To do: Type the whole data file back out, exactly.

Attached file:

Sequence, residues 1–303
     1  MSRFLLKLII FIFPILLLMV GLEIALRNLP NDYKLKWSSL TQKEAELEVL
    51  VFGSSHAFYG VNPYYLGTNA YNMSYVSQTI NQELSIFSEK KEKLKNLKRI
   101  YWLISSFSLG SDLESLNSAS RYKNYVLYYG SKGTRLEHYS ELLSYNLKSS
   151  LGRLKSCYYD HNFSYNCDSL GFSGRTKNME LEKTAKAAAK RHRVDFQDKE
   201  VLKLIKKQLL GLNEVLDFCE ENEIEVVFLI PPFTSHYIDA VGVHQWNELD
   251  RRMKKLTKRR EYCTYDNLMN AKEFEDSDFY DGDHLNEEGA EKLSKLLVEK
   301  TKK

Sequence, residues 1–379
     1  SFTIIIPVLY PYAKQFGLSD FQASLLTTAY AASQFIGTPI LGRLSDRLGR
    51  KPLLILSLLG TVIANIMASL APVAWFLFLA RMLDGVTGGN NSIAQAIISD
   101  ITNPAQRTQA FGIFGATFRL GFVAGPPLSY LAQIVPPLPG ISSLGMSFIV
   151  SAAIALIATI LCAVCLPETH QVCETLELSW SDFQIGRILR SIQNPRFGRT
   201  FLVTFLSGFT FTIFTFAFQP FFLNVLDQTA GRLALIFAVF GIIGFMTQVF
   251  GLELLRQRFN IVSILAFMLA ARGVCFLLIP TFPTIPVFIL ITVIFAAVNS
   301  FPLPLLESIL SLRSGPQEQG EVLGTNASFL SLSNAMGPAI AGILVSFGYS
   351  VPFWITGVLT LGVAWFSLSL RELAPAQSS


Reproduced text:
Sequence, residues 1–303
     1  MSRFLLKLII FIFPILLLMV GLEIALRNLP NDYKLKWSSL TQKEAELEVL
    51  VFGSSHAFYG VNPYYLGTNA YNMSYVSQTI NQELSIFSEK KEKLKNLKRI
   101  YWLISSFSLG SDLESLNSAS RYKNYVLYYG SKGTRLEHYS ELLSYNLKSS
   151  LGRLKSCYYD HNFSYNCDSL GFSGRTKNME LEKTAKAAAK RHRVDFQDKE
   201  VLKLIKKQLL GLNEVLDFCE ENEIEVVFLI PPFTSHYIDA VGVHQWNELD
   251  RRMKKLTKRR EYCTYDNLMN AKEFEDSDFY DGDHLNEEGA EKLSKLLVEK
   301  TKK

Sequence, residues 1–379
     1  SFTIIIPVLY PYAKQFGLSD FQASLLTTAY AASQFIGTPI LGRLSDRLGR
    51  KPLLILSLLG TVIANIMASL APVAWFLFLA RMLDGVTGGN NSIAQAIISD
   101  ITNPAQRTQA FGIFGATFRL GFVAGPPLSY LAQIVPPLPG ISSLGMSFIV
   151  SAAIALIATI LCAVCLPETH QVCETLELSW SDFQIGRILR SIQNPRFGRT
   201  FLVTFLSGFT FTIFTFAFQP FFLNVLDQTA GRLALIFAVF GIIGFMTQVF
   251  GLELLRQRFN IVSILAFMLA ARGVCFLLIP TFPTIPVFIL ITVIFAAVNS
   301  FPLPLLESIL SLRSGPQEQG EVLGTNASFL SLSNAMGPAI AGILVSFGYS
   351  VPFWITGVLT LGVAWFSLSL RELAPAQSS